Edible Landscaping, urban farming

My philosophy is to use dramatic looking vegetables as if they were just another plant to fit into the design, according to form and color. Both the Kale and the Swiss chard leaves will be harvested over the course of the season while the plant remains undisturbed. The peas will add height, will be replaced by the morning glories, and will provide shade for the front porch. The edible flowers will also be harvested through out the season. The plan is for there to not be holes in the border design. A mix of perennials and annuals will keep the design fresh.

Color is important in creating a landscape and I have chosen plants with blue and purple flowers, with the yellow black-eyed Susan added for contrast. I plan to plant these flowers in groups of at least three identical plants.  The Peppermint Swiss Chard has pink stems and the rhubarb has bright red stems. I will add containers of nasturtiums, calendula and geraniums to the porch steps.

I have been pinning edible landscaping ideas to a Pinterest Board. Please visit my site to get some great landscaping ideas!

Coastal Maine Botanical Gardens, edible landscaping, urban farming
Morning Glories at the Coastal Maine Botanical Gardens

You can also read about the edible landscaping lessons I learned from the Coastal Maine Botanical Gardens, while on vacation last year. These gardens are amazing!!

This is still a work in progress but I would really value any feed back or advice you may have!

Happy planning!



  1. I love all of your ideas! Be brave! Do what you think you will like. It may inspire some of your neighbors to be "like" you! Wouldn't that be great?

    1. It would be great! There are some people in the neighborhood who are putting raised beds in their front yards. I think attitudes are changing!

  2. I say just jump in and do it - great ideas and keep us updated on the process and how it turns out!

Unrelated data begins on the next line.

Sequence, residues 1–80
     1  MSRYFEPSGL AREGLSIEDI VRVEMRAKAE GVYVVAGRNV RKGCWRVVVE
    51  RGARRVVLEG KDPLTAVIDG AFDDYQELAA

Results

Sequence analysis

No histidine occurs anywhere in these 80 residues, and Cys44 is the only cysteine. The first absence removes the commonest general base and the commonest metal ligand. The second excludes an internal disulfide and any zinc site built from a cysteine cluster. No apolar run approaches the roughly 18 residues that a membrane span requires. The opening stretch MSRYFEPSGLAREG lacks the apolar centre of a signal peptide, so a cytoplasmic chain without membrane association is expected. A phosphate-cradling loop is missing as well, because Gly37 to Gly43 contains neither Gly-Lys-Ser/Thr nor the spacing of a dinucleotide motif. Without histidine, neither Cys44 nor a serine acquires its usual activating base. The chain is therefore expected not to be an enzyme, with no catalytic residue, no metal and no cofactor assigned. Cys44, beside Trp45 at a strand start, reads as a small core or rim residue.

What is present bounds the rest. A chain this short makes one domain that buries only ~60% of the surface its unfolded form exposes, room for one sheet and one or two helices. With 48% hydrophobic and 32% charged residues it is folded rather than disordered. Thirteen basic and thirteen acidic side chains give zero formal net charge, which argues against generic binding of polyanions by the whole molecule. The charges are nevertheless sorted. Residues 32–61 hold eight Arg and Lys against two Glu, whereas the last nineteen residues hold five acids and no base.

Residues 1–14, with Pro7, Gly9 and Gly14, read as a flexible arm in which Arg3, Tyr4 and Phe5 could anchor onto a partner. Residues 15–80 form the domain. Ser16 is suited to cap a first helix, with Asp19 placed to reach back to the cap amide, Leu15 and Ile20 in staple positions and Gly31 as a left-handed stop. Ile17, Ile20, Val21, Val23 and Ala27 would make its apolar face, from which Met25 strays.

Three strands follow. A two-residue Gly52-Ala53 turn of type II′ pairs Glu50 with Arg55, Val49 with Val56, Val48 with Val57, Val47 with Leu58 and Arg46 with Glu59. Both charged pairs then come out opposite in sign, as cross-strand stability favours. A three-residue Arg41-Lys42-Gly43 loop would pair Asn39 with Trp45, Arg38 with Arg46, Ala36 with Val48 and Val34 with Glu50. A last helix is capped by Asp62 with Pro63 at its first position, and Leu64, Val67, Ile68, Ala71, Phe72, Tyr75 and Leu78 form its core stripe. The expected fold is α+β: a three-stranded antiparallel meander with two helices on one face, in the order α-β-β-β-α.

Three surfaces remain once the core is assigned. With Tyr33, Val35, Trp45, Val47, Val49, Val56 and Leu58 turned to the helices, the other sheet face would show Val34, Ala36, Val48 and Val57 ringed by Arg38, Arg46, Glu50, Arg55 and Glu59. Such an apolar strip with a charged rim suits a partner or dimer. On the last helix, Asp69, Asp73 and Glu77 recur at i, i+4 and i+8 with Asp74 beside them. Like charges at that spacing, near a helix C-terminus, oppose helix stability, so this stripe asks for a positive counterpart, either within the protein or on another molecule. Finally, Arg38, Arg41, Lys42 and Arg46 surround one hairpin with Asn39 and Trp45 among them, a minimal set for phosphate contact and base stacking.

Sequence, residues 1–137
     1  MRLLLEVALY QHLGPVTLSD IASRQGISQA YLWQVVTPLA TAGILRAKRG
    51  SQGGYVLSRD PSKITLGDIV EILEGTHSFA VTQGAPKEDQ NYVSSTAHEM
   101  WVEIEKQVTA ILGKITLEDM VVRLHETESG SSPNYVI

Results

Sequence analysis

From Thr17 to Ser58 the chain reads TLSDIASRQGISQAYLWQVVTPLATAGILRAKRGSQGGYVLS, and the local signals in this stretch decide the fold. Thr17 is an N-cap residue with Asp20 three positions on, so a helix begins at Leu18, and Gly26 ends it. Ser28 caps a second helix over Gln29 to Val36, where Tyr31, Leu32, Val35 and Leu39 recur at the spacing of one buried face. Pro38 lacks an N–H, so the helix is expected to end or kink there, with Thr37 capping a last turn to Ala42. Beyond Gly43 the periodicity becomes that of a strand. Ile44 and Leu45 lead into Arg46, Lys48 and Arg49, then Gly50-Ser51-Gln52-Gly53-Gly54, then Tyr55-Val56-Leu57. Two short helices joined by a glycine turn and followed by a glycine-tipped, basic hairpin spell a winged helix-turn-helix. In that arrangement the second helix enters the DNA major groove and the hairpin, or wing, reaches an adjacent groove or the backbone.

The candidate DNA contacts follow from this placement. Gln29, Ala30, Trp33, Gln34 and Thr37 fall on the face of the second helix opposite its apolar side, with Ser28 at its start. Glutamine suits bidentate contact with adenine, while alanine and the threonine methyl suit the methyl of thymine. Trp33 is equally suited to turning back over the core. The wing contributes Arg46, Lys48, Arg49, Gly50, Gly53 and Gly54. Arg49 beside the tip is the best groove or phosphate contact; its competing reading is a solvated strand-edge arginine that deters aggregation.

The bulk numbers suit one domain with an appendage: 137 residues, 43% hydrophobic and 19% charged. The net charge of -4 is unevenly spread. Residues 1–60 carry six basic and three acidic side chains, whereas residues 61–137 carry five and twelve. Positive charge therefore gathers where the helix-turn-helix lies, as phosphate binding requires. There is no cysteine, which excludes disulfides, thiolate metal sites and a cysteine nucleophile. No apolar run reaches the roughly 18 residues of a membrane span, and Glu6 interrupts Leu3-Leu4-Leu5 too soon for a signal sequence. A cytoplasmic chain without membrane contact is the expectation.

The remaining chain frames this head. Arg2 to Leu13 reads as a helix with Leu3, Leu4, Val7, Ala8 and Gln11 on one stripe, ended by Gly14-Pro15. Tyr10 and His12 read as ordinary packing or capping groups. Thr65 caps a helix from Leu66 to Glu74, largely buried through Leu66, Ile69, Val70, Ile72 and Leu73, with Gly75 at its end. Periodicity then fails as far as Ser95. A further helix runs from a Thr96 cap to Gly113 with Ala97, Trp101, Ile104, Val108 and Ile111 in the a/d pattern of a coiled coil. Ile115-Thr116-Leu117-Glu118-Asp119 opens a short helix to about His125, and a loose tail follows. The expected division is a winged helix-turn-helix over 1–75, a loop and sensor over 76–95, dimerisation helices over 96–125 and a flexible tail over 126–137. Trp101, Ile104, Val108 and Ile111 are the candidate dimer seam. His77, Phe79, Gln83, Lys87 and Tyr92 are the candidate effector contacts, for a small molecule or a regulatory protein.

1. I will share how it goes - both the successes and the failures ( hopefully more of the first!).

  3. Sounds wonderful I would also just go ahead with you plan it sounds brilliant to me

  4. I admire all the planning you have done. Planning is not my strong suit.

    I have a large front yard and small backyard. I put in raised beds two years ago and have received many complements from neighbors and those walking by when I am working out front.

    I would highly recommend lasagna gardening. If you put your pumpkins in with grass still in place it may cause you a headache due to the amount of water you will be giving the pumpkins and thus the remaining grass.

    If you lay down cardboard and place soil on top you can plant immediately and the cardboard will kill the grass effectively.

    I love my gardens in the front yard and my goal this year is to be more organized in the planting ;-)

    1. Hi Yvonne,
      Yes, I've been concerned about the pumpkins and the grass. I'm also worried about what the space will look like once the pumpkins are over! I have some more thinking to do! Thanks for the advice.

  5. Hi there,
    I've been thinking of planting elderberries in my yard in Scituate for a couple of years now as I spend a ton on elderberry syrup. I think it would be pretty cool to be able to make my own. Do you have any idea if the bushes are available locally? Or if there are different varieties, which is best for medicinal elderberry syrup.

  6. Hi Libby,
    I am looking at two companies for my elderberries. Triple Brook Farm in Massachusetts which has wild elderberries and Stark Brothers which has several different cloned varieties. Both companies have online ordering.I have not found elderberries for sale in local nurseries but I plan to call around this week. You need to plant two different varieties for pollination but i have not read anything that makes me think some varieties are better than others for medicinal use. Hope that helps!